How does a memory outlast the lifetime of the molecule that encodes it? More than two decades ago, Francis Crick had the foresight to speculate that perhaps a multimeric protein could serve as a molecular memory by sharing its activation state with newly synthesized proteins through subunit exchange in order to store a memory for years. Ca2+-calmodulin dependent protein kinase II (CaMKII) was identified as an enzyme that may fit this description. For example, mutation of CaMKII at sites critical for its function results in severe learning and memory defects. CaMKII is activated at a threshold neuronal spike frequency and is crucial to long-term potentiation (LTP). A major obstacle to understanding LTP is the absence of understanding how regulatory pathways recruited during this initial high-frequency stimulus are able to remain persistently active in the face of ongoing protein turnover. Our recent work has shown that CaMKII exchanges subunits between holoenzymes in an activation-dependent manner. Importantly, kinase activity is conferred to unactivated CaMKII holoenzymes by trans-phosphorylation as a consequence of subunit exchange, thereby potentiating the activation signal past the time of protein degradation. This cycle may continue indefinitely. Our work is aimed to further investigate this phenomenon, specifically in respect to its role in LTP. Our major research goals are to: 1) understand the role of the unique biophysical properties of CaMKII (how linker length affects activation, frequency dependence and subunit exchange) that contribute to its potential for being a `memory molecule,' and 2) investigate the properties of CaMKII (such as subunit exchange and changes in gene expression) in cellular systems to determine its physiological role in LTP. These challenging goals require the synthesis of information obtained from the molecular level (protein structure and regulation) to the cellular level (mammalian cell culture) and finally to the animal level (transgenic mice), which will be for future study. Completion of the proposed work will allow us to better address neurologic disease progression as it affects memory, such as pathologies seen in Alzheimer's, dementia, and traumatic brain injury.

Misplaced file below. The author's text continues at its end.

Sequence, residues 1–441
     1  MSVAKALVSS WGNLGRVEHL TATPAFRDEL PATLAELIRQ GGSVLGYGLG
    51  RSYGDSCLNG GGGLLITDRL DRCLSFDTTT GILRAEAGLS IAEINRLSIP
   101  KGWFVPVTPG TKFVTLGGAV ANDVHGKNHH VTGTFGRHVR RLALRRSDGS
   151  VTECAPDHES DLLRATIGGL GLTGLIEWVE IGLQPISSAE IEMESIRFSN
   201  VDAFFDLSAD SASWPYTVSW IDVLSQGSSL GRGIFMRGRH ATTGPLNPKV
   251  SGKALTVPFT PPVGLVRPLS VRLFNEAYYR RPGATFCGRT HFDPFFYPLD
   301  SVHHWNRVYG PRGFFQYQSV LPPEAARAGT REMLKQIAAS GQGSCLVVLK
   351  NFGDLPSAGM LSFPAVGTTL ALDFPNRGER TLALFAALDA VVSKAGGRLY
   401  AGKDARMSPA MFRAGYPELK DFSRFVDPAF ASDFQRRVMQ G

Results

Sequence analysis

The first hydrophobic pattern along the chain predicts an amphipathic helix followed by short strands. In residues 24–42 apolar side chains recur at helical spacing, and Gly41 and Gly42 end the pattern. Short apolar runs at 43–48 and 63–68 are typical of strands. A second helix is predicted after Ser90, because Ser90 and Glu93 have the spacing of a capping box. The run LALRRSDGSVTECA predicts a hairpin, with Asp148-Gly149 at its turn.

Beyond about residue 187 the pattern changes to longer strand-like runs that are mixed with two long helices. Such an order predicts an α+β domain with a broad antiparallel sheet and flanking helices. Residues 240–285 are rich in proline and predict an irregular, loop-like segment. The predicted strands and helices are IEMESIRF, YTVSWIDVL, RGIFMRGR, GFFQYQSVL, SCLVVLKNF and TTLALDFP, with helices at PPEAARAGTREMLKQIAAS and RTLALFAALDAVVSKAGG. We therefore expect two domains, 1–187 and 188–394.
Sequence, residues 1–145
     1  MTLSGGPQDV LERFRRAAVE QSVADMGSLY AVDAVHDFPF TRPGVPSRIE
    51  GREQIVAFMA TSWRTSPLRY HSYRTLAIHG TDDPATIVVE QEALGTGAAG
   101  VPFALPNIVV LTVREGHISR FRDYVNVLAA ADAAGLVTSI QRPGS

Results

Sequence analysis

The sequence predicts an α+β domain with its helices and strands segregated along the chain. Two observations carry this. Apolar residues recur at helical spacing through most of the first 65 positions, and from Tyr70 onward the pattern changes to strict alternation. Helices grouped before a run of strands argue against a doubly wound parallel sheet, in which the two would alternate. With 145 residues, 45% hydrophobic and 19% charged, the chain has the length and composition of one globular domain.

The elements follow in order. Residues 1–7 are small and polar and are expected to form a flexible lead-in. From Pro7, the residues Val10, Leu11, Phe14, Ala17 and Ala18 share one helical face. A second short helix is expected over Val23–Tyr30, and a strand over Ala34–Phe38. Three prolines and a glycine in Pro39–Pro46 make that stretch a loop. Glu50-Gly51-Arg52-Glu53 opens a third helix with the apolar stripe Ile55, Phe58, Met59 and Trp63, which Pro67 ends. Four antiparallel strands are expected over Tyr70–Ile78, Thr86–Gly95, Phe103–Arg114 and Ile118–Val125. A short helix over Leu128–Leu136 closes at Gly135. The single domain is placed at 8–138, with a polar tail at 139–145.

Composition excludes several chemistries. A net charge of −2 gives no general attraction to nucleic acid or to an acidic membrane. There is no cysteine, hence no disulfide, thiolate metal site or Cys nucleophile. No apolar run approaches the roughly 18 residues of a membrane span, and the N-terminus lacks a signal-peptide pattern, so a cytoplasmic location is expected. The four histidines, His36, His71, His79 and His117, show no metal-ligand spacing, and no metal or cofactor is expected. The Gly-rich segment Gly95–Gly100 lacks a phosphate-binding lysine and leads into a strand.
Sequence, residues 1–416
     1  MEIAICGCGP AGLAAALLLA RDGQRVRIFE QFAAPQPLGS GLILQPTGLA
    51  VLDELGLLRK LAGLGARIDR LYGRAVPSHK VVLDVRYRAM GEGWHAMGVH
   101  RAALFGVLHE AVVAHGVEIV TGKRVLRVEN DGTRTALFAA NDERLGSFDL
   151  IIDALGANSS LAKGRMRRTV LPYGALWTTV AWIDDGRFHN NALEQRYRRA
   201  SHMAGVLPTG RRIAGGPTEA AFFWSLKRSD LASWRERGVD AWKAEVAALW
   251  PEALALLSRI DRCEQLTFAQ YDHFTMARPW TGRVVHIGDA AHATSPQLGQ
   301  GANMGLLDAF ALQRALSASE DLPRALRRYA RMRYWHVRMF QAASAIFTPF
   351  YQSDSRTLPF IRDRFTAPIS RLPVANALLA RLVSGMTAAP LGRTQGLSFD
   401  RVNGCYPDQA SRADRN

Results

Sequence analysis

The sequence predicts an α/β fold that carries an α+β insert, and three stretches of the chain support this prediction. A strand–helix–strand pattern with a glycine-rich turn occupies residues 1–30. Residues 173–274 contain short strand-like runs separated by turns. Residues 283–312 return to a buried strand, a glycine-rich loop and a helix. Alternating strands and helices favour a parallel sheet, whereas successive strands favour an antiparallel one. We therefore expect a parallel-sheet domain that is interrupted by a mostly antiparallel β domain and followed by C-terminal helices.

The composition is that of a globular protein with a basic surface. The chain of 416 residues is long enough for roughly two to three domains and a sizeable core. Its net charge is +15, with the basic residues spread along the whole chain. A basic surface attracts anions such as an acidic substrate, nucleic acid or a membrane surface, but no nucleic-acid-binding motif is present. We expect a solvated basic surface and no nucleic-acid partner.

A memory can last for decades, but the molecular components of our cells are degraded on the order of minutes to days. We are fascinated by this significant discrepancy and will interrogate this using a research program centered around a molecule which is known to play a crucial role in long term potentiation: Ca2+- calmodulin dependent protein kinase II. We plan to investigate this important problem at the molecular and cellular levels.